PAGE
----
by Benj Pasek, Justin Paul and Peter Duchan
directed by Alan Patrick Kenny
The University of Wisconsin - Stevens Point Department of Theatre and Dance is staging DOGFIGHT. With an intimate setting, exceptional acting, and a well-designed production, anyone (who is old enough, comfortable with stage violence, has lungs that readily accept fog, and appreciates a good curse word) will enjoy the show.
Musical theatre fans in relatively remote parts of the country often suffer in silence, never getting to see shows that failed to meet with widespread commercial success. Luckily, universities can be a saving grace. And since the University of Wisconsin - Stevens Point has an excellent musical theatre program, DOGFIGHT is a great option for the underserved Midwestern public.
This 2012 Off-Broadway musical is based on Nancy Savoca's 1991 film of the same name. Set in 1963, it follows a group of Marines hosting a party called a "dogfight" where each man tries to bring the ugliest girl. But one of the Marines falls for his date who soon learns the truth of the cruel game. The music and lyrics are by Pasek and Paul whose more well-known works include A CHRISTMAS STORY, THE MUSICAL and selections from the TV show SMASH.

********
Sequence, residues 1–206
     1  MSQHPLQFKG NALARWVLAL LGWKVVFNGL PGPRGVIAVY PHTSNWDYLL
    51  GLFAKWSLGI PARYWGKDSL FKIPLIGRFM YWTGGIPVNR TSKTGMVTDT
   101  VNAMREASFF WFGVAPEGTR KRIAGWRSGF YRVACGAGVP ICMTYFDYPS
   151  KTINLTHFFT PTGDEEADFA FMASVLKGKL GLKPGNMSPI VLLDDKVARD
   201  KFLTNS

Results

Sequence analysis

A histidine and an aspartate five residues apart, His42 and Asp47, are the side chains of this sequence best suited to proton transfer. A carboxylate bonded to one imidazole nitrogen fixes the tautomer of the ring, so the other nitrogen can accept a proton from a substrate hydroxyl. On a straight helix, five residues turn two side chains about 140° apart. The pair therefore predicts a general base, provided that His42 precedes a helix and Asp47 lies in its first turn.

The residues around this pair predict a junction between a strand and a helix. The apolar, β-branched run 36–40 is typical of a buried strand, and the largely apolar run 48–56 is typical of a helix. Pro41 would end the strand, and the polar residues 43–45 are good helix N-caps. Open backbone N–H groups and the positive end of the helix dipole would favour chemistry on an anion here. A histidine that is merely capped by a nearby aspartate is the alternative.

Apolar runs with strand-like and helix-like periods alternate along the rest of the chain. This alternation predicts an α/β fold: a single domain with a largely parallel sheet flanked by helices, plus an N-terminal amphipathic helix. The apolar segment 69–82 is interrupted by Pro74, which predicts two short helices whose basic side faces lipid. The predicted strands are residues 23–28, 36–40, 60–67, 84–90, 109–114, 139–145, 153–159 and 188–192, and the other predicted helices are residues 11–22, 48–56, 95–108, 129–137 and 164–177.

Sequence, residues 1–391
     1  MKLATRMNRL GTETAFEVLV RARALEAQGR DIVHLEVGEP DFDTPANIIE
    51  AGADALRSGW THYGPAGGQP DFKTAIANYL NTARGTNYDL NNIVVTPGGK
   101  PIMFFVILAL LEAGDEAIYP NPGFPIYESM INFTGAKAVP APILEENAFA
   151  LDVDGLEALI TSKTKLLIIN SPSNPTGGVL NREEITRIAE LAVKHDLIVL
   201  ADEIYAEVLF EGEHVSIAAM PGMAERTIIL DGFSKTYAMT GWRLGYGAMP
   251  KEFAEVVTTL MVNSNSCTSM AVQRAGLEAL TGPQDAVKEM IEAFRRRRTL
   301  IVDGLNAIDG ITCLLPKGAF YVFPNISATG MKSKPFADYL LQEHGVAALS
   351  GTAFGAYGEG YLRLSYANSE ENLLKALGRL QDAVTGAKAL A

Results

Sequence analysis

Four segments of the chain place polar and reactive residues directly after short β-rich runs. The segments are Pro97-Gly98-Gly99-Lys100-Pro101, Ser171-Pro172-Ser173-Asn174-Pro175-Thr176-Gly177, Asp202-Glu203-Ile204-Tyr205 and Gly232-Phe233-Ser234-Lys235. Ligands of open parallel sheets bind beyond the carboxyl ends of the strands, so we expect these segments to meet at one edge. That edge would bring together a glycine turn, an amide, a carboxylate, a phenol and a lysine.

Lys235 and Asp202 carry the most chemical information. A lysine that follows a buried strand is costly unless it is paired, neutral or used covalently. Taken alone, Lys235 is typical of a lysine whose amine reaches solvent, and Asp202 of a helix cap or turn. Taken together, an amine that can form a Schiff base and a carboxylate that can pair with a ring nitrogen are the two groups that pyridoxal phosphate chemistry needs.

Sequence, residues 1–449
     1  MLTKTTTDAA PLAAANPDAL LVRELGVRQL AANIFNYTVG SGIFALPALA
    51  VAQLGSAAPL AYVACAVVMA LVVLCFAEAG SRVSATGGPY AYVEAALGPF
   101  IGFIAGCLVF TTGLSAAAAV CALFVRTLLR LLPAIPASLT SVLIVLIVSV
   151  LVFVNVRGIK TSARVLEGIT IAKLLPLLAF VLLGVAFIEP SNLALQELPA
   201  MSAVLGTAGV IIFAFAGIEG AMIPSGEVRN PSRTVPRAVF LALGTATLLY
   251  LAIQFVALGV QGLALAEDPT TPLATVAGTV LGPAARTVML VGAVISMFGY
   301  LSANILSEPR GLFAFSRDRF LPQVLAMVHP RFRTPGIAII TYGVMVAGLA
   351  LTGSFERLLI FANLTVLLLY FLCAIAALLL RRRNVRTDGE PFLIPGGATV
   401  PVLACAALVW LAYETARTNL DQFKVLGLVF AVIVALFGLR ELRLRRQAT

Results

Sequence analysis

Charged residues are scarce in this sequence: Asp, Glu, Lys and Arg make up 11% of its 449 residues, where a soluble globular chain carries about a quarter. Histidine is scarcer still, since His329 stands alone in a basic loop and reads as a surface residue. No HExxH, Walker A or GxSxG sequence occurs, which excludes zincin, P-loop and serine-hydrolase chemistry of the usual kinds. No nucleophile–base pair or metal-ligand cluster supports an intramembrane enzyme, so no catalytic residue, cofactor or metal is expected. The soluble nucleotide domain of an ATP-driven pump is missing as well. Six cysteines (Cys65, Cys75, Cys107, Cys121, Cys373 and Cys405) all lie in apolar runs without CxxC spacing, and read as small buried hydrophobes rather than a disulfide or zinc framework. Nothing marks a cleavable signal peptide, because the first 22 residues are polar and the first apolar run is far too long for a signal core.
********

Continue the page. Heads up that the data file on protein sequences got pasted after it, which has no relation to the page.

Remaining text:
The choreography by Sam Skalbeck was unique and engaging. The scenic design by Alesha Hollatz was clever and enjoyable with just a few pieces of set being used and reconfigured to set different scenes and completely change the dynamic of the stage. Ellen Reid's lighting design was also exceptional, particularly in the scene depicting combat in the Vietnam War where it successfully conveyed both the jungle setting and gunfire.
As for the actors, all were on point. Sam McLellan delivered an emotionally-charged performance as Eddie Birdlace, leading to a room full of people struggling to suck back in their tears at the end of the show. Haley Haupt was funny, awkward, and likeable as Rose. Calum Bedborough played Boland (a jerk) with swagger and finesse. Drew Swenson as Bernstein was also a standout. His earnest performance made him sympathetic even when the character did some things that were not so charming (on the urging of Boland, naturally).
Photos by Tom Charlesworth